As I’ve written about before, I’d never had that much interest in electric guitars. (This was right on the cusp of my burgeoning obsession with Jimi Hendrix.) My dad was a piano player and trumpet aficionado, and, good girl that I was, my tastes had followed suit—I liked anything that was “jazzy” or that hearkened to the show tunes that I’d spent my life listening to and performing. I was way too square and sheltered to have had any interest in Riot Grrl in the early ’90s, and I generally sniffed my nose at most of the more mainstream, Lilith Fair-approved artists as well. All of which is to say, if I’d not been assigned, at random, to review the Furslide album, there’s very little chance I ever would have encountered it otherwise.
But, oh, how fortuitous! I fell head over heels in love with Adventure.
Unbeknowst to me at the time, Furslide’s lead singer and guitarist, Jen Turner, was already something of a legend among guitar nerds for her work on Natalie Merchant’s Tigerlily, especially “Carnival.”
But, similar to how I came to love Jimi Hendrix’s vocals as much as his guitar playing, I was first and foremost bowled over by Turner’s voice.
As a musician myself, I always paid extra attention to any woman vocalists who were doing stuff that I couldn’t replicate while singing along with them in the privacy of my car—whether that was Tracey Thorn’s soulful croon on Everything but the Girl’s Amplified Heart or Alanis Morissette’s stratospheric yelp on the ubiquitous Jagged Little Pill. With Turner, it was that shred at the top of her range that really killed me. Check out what she does when she really gets cranking at around 2:59 in the song “Shallow” and you’ll hear what I mean:
And even though I willfully harbored an almost complete blind spot for most contemporary electric guitar playing, I couldn’t deny how much I loved the punch and crunch of her sound. It was playful yet edgy, somehow spacious inside its laser-sharp rhythmic dexterity and sonic density.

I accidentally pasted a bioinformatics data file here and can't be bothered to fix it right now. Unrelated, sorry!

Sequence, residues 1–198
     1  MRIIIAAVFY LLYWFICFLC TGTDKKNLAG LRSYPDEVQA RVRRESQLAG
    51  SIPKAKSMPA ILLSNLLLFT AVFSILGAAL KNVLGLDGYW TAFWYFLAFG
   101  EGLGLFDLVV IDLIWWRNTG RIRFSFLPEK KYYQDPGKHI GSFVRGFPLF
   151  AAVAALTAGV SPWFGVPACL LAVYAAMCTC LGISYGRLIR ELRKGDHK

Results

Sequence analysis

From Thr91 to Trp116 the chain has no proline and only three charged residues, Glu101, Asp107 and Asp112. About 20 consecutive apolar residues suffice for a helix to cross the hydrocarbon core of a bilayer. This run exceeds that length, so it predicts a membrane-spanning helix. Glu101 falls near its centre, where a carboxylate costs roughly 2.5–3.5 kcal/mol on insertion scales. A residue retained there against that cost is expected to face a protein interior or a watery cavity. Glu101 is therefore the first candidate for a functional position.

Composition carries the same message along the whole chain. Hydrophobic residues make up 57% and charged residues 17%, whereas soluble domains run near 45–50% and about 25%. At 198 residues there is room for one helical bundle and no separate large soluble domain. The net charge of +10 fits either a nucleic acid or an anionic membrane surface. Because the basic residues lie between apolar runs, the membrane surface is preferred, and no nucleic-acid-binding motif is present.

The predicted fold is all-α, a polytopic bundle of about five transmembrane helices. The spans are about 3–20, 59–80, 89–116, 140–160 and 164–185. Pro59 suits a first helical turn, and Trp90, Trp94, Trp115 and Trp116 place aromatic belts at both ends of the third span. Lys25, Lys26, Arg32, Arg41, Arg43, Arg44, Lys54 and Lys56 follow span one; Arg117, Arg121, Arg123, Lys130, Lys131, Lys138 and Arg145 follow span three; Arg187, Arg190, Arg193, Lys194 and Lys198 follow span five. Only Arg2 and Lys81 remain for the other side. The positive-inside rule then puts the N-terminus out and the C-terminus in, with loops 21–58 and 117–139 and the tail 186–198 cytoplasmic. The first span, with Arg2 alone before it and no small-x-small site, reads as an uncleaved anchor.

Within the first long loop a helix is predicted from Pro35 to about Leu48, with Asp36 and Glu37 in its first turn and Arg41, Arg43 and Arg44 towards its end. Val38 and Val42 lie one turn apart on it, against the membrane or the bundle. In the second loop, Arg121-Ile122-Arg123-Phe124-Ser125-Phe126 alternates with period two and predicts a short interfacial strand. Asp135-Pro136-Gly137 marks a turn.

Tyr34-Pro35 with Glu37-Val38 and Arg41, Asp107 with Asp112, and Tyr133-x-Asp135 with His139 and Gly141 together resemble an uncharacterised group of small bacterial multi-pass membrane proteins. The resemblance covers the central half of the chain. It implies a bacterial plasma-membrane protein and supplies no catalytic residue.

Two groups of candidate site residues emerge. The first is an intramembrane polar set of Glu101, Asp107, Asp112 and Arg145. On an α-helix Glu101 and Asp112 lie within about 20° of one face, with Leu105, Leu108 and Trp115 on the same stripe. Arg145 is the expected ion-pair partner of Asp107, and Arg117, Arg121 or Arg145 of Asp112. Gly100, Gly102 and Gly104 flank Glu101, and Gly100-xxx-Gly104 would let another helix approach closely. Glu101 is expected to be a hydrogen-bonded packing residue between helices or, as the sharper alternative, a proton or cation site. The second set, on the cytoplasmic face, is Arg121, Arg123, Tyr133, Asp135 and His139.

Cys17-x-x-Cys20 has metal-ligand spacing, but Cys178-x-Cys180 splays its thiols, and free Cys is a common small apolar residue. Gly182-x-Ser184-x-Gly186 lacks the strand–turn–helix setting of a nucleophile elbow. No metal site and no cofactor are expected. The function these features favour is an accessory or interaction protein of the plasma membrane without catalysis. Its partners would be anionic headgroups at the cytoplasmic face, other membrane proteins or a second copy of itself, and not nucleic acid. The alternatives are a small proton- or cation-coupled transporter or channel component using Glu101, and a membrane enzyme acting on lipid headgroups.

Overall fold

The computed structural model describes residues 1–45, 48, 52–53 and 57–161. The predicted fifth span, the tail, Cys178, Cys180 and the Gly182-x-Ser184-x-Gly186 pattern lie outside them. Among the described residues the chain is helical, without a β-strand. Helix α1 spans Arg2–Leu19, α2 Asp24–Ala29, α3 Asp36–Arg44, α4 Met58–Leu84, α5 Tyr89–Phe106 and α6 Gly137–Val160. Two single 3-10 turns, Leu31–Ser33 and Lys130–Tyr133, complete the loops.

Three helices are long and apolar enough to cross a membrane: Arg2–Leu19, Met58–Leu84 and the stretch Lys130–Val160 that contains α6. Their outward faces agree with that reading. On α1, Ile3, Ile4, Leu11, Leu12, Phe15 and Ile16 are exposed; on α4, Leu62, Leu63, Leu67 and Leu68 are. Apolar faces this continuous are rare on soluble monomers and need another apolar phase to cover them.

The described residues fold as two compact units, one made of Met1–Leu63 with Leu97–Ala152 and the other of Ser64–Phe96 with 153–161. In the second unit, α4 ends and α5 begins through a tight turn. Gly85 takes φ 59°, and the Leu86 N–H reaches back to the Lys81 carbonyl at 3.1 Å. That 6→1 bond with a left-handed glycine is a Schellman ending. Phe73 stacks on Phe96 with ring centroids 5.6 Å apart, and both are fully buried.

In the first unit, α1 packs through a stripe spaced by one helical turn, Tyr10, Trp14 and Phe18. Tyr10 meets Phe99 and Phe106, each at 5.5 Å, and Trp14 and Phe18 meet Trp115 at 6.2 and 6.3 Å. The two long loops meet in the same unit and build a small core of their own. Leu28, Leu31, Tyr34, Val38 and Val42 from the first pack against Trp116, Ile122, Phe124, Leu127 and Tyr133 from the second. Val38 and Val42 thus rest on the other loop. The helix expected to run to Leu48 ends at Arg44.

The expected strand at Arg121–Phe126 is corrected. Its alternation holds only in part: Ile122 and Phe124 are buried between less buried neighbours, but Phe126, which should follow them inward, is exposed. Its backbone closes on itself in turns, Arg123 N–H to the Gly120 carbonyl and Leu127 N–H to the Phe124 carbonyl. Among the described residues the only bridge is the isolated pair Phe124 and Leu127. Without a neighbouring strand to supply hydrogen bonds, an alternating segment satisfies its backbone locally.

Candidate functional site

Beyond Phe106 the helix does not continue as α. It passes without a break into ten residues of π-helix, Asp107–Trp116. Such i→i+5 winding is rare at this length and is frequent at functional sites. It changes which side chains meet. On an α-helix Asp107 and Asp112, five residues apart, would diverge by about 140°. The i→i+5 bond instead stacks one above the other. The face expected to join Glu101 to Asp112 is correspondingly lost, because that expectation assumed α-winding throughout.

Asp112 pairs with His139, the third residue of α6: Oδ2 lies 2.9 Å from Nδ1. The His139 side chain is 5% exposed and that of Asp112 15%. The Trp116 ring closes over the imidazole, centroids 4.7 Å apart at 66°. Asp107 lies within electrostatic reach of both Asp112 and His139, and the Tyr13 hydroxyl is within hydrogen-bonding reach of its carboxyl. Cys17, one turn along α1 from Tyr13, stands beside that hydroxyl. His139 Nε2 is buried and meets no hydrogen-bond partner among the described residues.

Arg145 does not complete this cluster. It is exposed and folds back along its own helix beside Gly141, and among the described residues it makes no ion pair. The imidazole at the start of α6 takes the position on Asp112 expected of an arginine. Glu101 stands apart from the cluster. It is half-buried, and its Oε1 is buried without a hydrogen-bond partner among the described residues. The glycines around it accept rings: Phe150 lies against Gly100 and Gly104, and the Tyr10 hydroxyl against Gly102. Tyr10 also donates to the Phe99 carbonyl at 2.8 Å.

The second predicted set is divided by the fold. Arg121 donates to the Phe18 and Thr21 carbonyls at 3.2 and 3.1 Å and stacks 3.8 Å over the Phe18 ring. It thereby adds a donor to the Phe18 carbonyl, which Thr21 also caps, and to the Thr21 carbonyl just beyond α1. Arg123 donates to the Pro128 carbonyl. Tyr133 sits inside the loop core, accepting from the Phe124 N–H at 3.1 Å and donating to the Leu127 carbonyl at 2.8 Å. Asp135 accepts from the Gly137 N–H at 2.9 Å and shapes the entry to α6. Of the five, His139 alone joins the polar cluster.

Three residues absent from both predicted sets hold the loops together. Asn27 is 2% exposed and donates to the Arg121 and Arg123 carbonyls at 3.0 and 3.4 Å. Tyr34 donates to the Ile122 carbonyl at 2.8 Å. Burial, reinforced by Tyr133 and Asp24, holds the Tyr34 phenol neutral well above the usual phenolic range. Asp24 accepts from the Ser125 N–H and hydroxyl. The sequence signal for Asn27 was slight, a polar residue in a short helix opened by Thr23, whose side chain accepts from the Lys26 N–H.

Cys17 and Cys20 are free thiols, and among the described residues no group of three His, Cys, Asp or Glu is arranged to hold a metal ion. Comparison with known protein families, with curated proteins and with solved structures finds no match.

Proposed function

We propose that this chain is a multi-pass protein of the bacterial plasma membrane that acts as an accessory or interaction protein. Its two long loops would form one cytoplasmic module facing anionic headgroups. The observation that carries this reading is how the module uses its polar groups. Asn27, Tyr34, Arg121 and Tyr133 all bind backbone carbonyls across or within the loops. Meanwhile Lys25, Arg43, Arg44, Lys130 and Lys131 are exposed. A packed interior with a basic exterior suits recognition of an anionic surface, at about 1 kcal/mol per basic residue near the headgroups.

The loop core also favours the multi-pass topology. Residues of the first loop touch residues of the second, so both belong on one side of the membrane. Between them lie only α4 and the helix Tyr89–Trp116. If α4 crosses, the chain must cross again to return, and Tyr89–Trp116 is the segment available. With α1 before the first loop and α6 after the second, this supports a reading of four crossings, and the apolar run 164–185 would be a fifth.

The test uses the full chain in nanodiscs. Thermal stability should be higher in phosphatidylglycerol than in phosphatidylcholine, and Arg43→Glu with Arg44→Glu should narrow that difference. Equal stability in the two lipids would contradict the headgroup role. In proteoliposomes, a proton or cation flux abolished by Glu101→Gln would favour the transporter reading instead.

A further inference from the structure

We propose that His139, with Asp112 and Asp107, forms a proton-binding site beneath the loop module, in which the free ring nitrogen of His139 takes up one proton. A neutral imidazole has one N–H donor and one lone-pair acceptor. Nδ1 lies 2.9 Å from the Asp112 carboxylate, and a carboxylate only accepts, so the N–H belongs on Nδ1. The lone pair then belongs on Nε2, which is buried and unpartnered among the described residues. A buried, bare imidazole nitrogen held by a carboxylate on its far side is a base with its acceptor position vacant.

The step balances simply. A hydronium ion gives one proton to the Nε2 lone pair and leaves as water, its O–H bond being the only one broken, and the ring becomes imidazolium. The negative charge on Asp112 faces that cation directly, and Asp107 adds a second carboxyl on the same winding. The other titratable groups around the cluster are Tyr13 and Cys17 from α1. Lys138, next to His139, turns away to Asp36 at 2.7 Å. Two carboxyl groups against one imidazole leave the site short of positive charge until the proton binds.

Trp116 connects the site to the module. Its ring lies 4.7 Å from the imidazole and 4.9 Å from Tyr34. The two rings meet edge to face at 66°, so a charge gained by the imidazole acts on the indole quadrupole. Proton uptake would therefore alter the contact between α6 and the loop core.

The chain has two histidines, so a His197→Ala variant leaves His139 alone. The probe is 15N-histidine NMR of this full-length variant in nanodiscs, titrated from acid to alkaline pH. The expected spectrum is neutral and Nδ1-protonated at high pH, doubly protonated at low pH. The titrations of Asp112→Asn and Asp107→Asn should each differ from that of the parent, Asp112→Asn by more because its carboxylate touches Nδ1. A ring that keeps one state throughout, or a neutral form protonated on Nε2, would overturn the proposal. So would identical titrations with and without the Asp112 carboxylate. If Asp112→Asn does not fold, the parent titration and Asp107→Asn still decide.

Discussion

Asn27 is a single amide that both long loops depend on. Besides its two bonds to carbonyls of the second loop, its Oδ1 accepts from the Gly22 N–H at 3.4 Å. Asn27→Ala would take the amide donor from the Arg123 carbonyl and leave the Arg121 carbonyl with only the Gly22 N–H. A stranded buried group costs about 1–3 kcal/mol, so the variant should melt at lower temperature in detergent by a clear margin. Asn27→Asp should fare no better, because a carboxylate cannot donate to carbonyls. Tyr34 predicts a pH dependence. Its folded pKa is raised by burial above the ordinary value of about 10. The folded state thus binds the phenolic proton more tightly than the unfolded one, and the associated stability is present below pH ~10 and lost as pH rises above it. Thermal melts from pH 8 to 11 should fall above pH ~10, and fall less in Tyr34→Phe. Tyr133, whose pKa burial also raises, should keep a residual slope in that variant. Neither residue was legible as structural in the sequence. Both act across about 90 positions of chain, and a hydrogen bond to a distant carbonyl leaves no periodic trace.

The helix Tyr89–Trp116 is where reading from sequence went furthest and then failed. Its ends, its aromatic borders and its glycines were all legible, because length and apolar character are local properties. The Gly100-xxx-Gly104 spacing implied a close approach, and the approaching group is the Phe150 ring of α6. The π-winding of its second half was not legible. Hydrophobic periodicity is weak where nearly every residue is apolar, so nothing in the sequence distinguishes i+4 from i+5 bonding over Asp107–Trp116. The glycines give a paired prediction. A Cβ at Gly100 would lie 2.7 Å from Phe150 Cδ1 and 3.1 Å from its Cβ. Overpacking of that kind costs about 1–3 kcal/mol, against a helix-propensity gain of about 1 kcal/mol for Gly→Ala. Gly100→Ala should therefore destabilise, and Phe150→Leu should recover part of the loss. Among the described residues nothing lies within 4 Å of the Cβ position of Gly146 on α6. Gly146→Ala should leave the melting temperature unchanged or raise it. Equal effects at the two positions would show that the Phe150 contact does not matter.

Much like how my love for Counting Crows confounded friends who didn’t understand how or why I could like that band’s noisier moments, even I had trouble defending and defining for myself what it was about her sound that I loved so much, or why it was that I loved her playing and specifically didn’t like the playing in, oh, Weezer or Nirvana or Pearl Jam or dozens of other beloved guitar rock bands.
Even though I probably wouldn’t have understood it as such at the time, I think I needed that little bit of inscrutability in my life. I’d always attempted to make myself as legible and understandable as possible, assuming that, even if I were “quirky,” as long as people essentially could get where I was coming from, I’d be easier to love. But silently, unconsciously, I think I was already starting to realize how exhausting that attempt to art-direct my own image was. I was allowed to have a little bit of privacy, to maintain a little bit of mystery, to cultivate a degree of unpredictability.
Not unlike my wandering around an all-but-abandoned campus in the middle of the night in an effort to find a place where I belonged, Turner’s music was something of an island unto itself in the mid to late ’90s. Goddesslike to those in the know, but easily overlooked by those who weren’t, as she sang herself in the song “Hawaii,” “everyone is looking for that fine, fine line / between contentment and the troubled mind of genius.” She, I would argue, found that line on an underappreciated album released in 1998, which gave me a nice little nudge in the right direction to keep looking for my own.
To learn more about Jen Turner and her various other musical projects, check out this great short blog post, which seems to be updated periodically.